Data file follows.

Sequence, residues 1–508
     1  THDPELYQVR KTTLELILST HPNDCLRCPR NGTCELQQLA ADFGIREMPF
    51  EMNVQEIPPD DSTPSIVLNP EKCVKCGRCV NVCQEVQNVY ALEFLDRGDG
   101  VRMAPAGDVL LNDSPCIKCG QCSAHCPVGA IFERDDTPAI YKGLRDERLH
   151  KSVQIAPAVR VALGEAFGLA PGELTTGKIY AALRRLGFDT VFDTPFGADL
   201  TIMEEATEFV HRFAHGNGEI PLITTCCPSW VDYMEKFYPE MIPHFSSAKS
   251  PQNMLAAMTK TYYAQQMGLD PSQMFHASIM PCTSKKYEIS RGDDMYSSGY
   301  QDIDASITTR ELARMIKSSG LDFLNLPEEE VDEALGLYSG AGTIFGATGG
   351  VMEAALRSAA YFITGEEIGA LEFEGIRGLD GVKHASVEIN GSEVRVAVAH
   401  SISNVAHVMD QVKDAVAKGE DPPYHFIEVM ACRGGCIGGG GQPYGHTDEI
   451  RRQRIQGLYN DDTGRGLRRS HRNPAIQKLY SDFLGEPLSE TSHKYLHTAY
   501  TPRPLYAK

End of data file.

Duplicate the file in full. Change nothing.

Sequence, residues 1–508
     1  THDPELYQVR KTTLELILST HPNDCLRCPR NGTCELQQLA ADFGIREMPF
    51  EMNVQEIPPD DSTPSIVLNP EKCVKCGRCV NVCQEVQNVY ALEFLDRGDG
   101  VRMAPAGDVL LNDSPCIKCG QCSAHCPVGA IFERDDTPAI YKGLRDERLH
   151  KSVQIAPAVR VALGEAFGLA PGELTTGKIY AALRRLGFDT VFDTPFGADL
   201  TIMEEATEFV HRFAHGNGEI PLITTCCPSW VDYMEKFYPE MIPHFSSAKS
   251  PQNMLAAMTK TYYAQQMGLD PSQMFHASIM PCTSKKYEIS RGDDMYSSGY
   301  QDIDASITTR ELARMIKSSG LDFLNLPEEE VDEALGLYSG AGTIFGATGG
   351  VMEAALRSAA YFITGEEIGA LEFEGIRGLD GVKHASVEIN GSEVRVAVAH
   401  SISNVAHVMD QVKDAVAKGE DPPYHFIEVM ACRGGCIGGG GQPYGHTDEI
   451  RRQRIQGLYN DDTGRGLRRS HRNPAIQKLY SDFLGEPLSE TSHKYLHTAY
   501  TPRPLYAK